Blue-collar Duluth transformed by outdoor tourism economy
In the early 1980s, someone hung a billboard outside downtown Duluth, with a bleak request: “Will the last one leaving Duluth please turn out the light.”
The dark humor was understandable, given how far this Minnesota community had fallen.
Built on the west shore of Lake Superior on the shoulders of timber, shipping and steel production, blue-collar Duluth began to slide in the 1950s as high-grade iron ore gave out on Minnesota's Iron Range. In 1981, U.S. Steel Duluth Works shut down, as unemployment approached 20 percent. Other factory closings followed.
But as it turned out, the seeds for a new Duluth were always there – naturally.
Perched on steep hills that rise 800 feet above Lake Superior, Duluth is home to more than a dozen trout streams, waterfalls, nearly 7,000 acres of park land and terrain perfectly matched for hiking, trail running and mountain biking. Locals have skied at 700-foot vertical Spirit Mountain since 1974. And hard-core adventurers have long surfed the waves of Lake Superior – even in the dead of winter.
“Duluth is a traditional Rust Belt city,” said former Duluth Mayor Don Ness, who served this city of 86,000 residents from 2008 to this year.
“We were built on heavy industry and shipping,” said Ness. “But in comparing ourselves to other cities, what we have is a unique sense of place and we have unique natural assets. The thinking was, 'What can we do to start developing those and promoting those?'”
In 2011, voters approved a property tax that raises $2.6 million a year to support parks and recreation development. It cost the owner of an average-priced home of $158,000 about $60 a year.
In 2014, the city council passed a 0.5 percent tax on lodging, restaurants and bars that will generate $18 million over 15 years to add trails for hiking, mountain biking, cross country skiing and horseback riding. The revenue will also establish a launch center for canoes and kayaks and add further park improvements. Officials expect another $32 million from state, federal and private sources.
If there is a lesson for Michigan, it is that significant public investment in outdoor recreation can pay dividends in long-term development.
Today, within Duluth’s city limits are 40 miles of cross country ski trails and more than 60 miles of mountain bike trails, the latter expected to reach 100 miles by next year. Plans are in the works to develop an old quarry into a rock and ice climbing venue.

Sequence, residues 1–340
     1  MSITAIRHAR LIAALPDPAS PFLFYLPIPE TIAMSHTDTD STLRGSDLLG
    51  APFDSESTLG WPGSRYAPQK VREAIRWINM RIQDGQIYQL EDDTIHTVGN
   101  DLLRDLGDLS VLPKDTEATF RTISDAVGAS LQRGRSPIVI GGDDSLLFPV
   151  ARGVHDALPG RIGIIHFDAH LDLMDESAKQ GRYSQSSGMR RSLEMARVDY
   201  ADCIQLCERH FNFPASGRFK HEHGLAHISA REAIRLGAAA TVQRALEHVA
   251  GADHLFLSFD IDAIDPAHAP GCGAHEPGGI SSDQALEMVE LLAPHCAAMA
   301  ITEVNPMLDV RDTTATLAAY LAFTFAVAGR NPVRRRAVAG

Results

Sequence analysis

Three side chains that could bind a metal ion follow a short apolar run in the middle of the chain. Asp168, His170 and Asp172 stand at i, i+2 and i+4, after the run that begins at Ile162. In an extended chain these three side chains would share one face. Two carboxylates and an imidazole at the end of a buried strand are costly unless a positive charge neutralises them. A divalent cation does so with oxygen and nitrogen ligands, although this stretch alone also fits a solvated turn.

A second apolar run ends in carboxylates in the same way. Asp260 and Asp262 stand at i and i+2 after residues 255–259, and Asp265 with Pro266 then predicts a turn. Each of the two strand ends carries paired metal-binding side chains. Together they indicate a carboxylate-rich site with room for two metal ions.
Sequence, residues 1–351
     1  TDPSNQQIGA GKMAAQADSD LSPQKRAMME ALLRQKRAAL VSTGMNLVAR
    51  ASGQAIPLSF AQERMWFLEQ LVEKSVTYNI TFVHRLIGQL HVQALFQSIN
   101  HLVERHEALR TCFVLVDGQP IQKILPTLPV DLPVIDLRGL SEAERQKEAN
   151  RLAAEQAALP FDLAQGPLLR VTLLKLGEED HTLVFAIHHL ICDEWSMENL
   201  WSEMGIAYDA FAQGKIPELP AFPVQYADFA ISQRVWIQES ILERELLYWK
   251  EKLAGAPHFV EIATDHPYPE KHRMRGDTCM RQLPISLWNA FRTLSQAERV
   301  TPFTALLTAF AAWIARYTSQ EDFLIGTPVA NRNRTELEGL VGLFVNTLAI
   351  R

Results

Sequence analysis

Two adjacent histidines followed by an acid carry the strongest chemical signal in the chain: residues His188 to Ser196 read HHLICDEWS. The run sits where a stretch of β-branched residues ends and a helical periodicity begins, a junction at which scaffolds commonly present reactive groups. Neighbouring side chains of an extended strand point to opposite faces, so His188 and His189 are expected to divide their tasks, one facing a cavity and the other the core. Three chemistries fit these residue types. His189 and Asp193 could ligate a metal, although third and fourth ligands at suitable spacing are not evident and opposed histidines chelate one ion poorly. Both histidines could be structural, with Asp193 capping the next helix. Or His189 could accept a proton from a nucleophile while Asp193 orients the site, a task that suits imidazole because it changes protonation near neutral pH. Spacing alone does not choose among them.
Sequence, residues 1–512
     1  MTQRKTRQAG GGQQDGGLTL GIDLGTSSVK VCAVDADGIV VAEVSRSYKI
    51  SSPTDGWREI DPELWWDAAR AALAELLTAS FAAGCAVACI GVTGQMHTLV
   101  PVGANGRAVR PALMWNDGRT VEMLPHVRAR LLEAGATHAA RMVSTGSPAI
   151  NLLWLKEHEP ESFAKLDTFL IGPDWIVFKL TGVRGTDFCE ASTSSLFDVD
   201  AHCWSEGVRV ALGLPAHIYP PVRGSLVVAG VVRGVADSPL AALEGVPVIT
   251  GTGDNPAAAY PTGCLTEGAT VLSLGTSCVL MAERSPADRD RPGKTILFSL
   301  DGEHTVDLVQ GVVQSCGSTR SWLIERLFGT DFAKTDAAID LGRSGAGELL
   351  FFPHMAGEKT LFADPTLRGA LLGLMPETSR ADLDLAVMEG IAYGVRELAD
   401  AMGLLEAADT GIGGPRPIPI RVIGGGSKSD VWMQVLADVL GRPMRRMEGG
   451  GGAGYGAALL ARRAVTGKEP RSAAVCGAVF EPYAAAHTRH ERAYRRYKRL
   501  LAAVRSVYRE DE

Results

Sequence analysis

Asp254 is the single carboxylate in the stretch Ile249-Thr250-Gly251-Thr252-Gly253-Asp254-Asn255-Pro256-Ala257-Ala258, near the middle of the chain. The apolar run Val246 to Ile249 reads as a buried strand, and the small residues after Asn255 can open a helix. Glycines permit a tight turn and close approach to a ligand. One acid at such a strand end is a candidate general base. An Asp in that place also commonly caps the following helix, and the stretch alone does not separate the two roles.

Publications took notice, with Outdoor Magazine naming Duluth number one in its 2014 list of “Best Places to Live.”
These investments have come alongside an economic turnaround, as Duluth unemployment dipped as low as 3 percent in October 2015 before climbing to 4.1 percent in April.
Firms like Ikonics Corp. are writing a new economic future. The high-tech imaging firm broke ground in 2015 on a $4.3 million expansion to accommodate its growth into aerospace. Completed earlier this year, the expansion was built on remnants of Duluth's industrial past, the former site of the Universal Atlas Cement Company, a subsidiary of U.S. Steel.
West of downtown, Bent Paddle Brewing Co. is seeing growth of another kind. It's on target to churn out 20,000 barrels of craft beer in 2016 – nearly three times what it produced in 2014, its first full year of operation.
The founders – two couples with a fondness for beer and wilderness canoeing - chose Duluth for a couple reasons: The brewery could tap Lake Superior as a pure source of water. But Laura Mullen, one of Bent Paddle's four co-owners, said they also saw a community of like-minded inhabitants.
“Duluth is the gateway to the north shore and the north woods,” Mullen said. “We wanted to live here and raise our families here.
“We are seeing a lot of young professionals attracted to the city, who are just over the congestion and traffic of the larger urban areas. They just like it that when they are done working, they can go out their back door and enjoy the lifestyle.”
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